Canadian startups need more VC funding to stay at forefront of medical technology
Sachin Aggarwal is busy aiming at a moving bullet with another bullet. The chief executive of Toronto-based Think Research is tackling the fast-evolving medical technology market by revolutionizing the way physicians share and consume research. Started in 2006, the firm is among many companies propelling Canada to the forefront of the medical technology space.
“This is a rapidly evolving field where both technology and the knowledge we apply are changing quickly,” Aggarwal said.
Think Research makes Internet-based clinical support tools for physicians. In June, the firm opened its first U.S.-based cloud computing centre in Las Vegas and is planning an expansion into English-speaking Europe.
Medical technology has a lot of potential, based in part on the changing demographic in Canada and elsewhere. “The system is under great pressure and that’s the case no matter where you go in the world,” Aggarwal pointed out. “We have an ageing population, which means that people are living longer, and living with multiple, complex medical conditions.”
The numbers bear this out. In 1971, the median age for Canadians was 26.2 years, Statistics Canada data shows. In 2011, that rose to 39.9 years.
“This means we must focus more on the patient, their experience and quality of life as they age,” Aggarwal said. “We are focused more on ensuring that patient has a bigger hand in their own health.”
Think Research is one of several companies that received funding from Toronto-based boutique investment firm Epic Capital Management. The investment group now has two Epic Healthcare investment funds that have $14 million of assets under management. Average investments range from $100,000 to $1 million.
Epic is now marketing its third fund, to launch next year, and it hopes to bring in $30 million to $50 million of additional money. This will be the first time the company has approached institutional capital to tackle what partner and portfolio manager Scott Kaplanis contends is a $200-million market for its healthcare funds in Canada.
“The biggest gap that we’ve seen in the Canadian market is in what we’ve classified as the series A and maybe the series B round along the chain,” he said.
In Canada, there’s a robust opportunity for doctors to develop an idea for a product, fuelled by angel funding and government research grants. They hit the wall when they go for more than $5 million in funding to scale their product or service, Kaplanis warned.
This is a particular problem in MedTech, Cameron Piron, CEO of Synaptive Medical, said. He scored early seed funding from Epic, which was followed by two more rounds.
He said this money is important given the unique nature of the sector, which relies heavily on regulatory approval. Synaptive sells imaging devices and software designed to help surgeons develop a plan of action in the surgical room. Regulatory approval is one of the biggest challenges for MedTech companies, especially given different procedures on either side of the border, he warned.
“It’s a major milestone for a company when it achieves regulatory approval, and you’re cautious to spend appropriately up to that point,” Piron said.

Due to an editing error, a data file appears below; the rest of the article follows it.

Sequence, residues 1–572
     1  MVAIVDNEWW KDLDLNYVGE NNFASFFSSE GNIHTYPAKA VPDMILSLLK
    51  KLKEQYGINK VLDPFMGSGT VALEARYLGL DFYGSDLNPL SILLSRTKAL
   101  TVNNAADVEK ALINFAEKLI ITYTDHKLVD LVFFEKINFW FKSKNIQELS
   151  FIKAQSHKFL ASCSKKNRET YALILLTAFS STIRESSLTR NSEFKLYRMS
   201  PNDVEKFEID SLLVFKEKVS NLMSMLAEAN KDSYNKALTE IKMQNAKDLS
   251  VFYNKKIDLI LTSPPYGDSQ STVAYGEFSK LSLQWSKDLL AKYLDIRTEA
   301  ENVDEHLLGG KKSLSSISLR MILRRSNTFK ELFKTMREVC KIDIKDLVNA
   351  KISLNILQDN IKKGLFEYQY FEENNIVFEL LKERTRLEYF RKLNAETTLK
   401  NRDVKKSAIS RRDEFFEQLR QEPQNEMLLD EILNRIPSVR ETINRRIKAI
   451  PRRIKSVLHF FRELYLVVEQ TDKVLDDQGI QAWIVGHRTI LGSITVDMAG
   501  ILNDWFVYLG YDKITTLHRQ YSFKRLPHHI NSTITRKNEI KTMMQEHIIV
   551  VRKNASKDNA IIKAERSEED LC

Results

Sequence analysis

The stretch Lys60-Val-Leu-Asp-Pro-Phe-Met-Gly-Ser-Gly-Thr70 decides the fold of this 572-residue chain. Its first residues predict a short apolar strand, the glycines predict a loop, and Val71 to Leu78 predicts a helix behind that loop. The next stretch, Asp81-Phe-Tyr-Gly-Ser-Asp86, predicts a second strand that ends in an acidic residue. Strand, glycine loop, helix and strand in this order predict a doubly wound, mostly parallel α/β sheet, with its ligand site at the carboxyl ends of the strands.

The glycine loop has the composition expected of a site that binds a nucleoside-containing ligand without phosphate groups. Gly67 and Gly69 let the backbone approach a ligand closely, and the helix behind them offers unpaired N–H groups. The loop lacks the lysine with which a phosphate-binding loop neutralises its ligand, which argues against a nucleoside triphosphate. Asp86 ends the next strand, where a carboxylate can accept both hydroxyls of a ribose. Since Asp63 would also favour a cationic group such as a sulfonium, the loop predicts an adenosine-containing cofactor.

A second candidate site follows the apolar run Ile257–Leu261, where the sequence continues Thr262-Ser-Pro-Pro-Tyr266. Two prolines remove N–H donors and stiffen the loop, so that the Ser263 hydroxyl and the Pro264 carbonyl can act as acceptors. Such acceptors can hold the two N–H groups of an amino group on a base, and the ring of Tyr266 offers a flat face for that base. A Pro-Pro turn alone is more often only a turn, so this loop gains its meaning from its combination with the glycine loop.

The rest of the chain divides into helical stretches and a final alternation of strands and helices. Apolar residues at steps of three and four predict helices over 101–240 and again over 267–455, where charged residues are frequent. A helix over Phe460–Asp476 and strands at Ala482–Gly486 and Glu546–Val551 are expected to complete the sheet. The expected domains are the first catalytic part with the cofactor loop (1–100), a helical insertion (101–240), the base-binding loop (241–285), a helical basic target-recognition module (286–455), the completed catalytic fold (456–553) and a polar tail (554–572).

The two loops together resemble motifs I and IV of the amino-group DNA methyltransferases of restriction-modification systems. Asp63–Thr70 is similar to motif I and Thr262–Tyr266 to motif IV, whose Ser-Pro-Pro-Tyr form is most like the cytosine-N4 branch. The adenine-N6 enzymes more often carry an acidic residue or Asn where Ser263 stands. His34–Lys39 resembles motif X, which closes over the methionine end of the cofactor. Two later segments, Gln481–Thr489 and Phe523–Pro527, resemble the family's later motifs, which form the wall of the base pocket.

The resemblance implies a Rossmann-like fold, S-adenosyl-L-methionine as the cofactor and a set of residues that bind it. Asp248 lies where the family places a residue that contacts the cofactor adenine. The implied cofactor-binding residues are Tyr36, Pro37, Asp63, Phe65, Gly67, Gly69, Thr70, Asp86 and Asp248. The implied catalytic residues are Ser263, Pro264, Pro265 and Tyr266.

MedTech startups can sometimes pre-emptively ramp up their marketing and sales teams with the expectation they’ll get regulatory approval. “If that’s delayed at all, you can imagine the kind of situation and the kind of burn that the company is facing,” he warned. The key for companies in this market is to develop and get approval first, and then scale later.
Which market to tackle first is a constant concern for MedTech firms. “While Canadian companies possess a great deal of ingenuity, and our country does offer a highly competitive R&D environment, with our fragmented healthcare system it can be challenging to get innovative technologies adopted,” warned Brian Lewis, CEO of MEDEC, Canada’s national medical technology association.
Piron said the Canadian market is often budget-focused, with far longer sales cycles than he’s seen south of the border, meaning Canadian companies can often be drawn to tackle the U.S. market first.
“In the U.S., if there’s a technology that provides a good clinical and cost advantage and efficiency of care, then you can see people purchasing equipment outside budgetary cycles, even,” he said.
While the sales cycle may be difficult for Canadian MedTech firms, the incentives to innovate are growing. Several government-backed projects have emerged to help these startups commercialize technology. The Health Technology Exchange manages about $30 million in funding on behalf of the Ontario Ministries of Research and Innovation, and Government and Consumer Services. The Ontario Centres of Excellence are also heavily involved in commercializing medical technology.
The challenges for startups vary between subsectors in the MedTech space. For example, Epic’s Kaplanis argued that pharmaceutical technology can be an order of magnitude more expensive to develop, because of the heavy requirements for testing and approval. Medical devices and IT solutions can be less intensive.
“We’re seeing companies that can commercialize on probably $20 million or less of capital to get to market and start generating revenue. That’s what we’ve seen for a lot of firms in our portfolio,” he said, adding these startups are critical to serving the changing needs of the healthcare industry.
“Innovation is going to change the way healthcare is delivered,” he concluded. “All of that improvement is going to make the system more efficient.”